'China in SAARC? To What Effect?':A Comment

S. D. Muni is Distinguished Fellow at the Institute for Defence Studies and Analyses (IDSA), New Delhi. Click here for detailed profile.
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  • May 2011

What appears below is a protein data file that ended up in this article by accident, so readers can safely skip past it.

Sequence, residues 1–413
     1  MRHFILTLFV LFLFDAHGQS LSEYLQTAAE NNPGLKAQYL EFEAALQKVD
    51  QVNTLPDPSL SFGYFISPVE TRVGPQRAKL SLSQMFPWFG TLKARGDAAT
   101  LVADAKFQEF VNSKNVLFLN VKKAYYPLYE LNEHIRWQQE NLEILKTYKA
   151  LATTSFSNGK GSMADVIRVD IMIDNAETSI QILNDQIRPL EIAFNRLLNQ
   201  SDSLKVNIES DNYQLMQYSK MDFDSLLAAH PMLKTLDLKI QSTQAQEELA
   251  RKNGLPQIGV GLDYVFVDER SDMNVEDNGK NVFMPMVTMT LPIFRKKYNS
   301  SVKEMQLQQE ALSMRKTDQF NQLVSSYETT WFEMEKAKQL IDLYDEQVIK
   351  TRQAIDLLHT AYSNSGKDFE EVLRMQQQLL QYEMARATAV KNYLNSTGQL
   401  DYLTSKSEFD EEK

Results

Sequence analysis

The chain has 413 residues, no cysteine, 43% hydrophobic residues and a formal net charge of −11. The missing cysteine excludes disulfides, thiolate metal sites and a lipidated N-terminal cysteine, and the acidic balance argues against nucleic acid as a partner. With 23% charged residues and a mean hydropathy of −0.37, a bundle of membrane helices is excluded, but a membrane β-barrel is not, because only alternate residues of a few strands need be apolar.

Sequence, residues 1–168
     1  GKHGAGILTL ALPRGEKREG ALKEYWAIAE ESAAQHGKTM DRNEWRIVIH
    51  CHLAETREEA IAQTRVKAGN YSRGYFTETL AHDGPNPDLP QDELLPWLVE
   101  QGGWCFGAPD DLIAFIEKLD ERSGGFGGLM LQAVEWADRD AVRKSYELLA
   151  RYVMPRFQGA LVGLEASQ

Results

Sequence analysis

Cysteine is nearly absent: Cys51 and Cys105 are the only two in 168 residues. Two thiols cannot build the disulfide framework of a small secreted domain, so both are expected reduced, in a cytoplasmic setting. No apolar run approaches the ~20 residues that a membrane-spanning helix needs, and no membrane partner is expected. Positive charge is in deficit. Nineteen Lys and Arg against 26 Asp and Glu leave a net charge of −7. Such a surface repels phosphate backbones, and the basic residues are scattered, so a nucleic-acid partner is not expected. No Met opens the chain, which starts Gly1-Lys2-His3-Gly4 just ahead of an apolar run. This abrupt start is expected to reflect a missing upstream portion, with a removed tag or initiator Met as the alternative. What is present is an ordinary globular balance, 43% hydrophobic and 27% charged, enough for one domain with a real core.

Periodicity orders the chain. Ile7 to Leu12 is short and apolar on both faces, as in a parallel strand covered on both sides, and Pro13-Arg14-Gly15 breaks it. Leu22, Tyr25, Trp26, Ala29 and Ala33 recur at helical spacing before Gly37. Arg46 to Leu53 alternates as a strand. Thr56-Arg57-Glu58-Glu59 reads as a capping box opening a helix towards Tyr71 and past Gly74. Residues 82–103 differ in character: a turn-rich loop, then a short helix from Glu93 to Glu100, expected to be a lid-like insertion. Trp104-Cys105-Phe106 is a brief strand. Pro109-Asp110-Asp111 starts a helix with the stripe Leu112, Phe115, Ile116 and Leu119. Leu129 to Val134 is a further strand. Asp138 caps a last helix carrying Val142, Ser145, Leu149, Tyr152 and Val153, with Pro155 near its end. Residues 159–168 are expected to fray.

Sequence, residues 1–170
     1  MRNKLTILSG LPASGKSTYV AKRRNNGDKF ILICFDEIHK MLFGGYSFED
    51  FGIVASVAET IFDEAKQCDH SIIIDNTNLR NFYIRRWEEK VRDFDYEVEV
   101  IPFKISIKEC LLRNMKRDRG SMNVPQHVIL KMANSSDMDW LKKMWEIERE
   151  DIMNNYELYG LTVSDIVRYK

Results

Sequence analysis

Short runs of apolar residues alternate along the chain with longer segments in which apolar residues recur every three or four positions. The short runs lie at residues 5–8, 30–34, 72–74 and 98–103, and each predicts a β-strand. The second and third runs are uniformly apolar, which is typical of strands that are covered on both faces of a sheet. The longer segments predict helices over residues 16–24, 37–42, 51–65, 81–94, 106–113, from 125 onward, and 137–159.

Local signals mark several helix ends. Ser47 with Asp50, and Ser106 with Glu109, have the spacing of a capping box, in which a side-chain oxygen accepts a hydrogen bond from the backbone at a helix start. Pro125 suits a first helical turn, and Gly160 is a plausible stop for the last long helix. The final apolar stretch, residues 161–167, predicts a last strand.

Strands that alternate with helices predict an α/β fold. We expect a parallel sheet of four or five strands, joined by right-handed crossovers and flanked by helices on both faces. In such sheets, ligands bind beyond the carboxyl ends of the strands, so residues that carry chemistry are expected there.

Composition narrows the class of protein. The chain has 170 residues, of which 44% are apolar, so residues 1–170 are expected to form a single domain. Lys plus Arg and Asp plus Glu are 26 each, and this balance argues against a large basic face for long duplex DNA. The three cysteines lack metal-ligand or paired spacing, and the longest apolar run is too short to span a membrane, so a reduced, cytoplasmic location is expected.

There is a common tendency among analysts and policy makers to compare SAARC with the EU and the Association of South-East Asian Nations (ASEAN). This is not fair. There are significant differences among these three regional groupings. Geo-strategically India looms too large in SAARC in a manner incomparable with Indonesia in ASEAN or Germany and France in the EU. Economically, SAARC started with a poor economic base and there were no large investments from outsiders like in ASEAN and the EU to boost economic cooperation. Thirdly, the EU and ASEAN were established with a specific security perspective, considerably driven from outside and cast in the Cold War context, different from that of SAARC. That's why the communist states of South East Asia – Laos, Cambodia and Vietnam – were initially kept out of ASEAN and Russia is still struggling for sympathetic response and accommodation from the EU.